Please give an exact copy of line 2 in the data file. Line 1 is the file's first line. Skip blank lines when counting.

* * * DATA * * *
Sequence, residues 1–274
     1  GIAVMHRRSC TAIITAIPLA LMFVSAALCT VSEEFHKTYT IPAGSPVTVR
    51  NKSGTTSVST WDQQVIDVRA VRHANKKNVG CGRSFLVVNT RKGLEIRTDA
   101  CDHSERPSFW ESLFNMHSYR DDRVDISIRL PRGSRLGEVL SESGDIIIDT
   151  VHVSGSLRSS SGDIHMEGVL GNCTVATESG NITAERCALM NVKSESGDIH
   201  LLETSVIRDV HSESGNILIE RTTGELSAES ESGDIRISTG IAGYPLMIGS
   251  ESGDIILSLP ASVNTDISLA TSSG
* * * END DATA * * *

     1  GIAVMHRRSC TAIITAIPLA LMFVSAALCT VSEEFHKTYT IPAGSPVTVR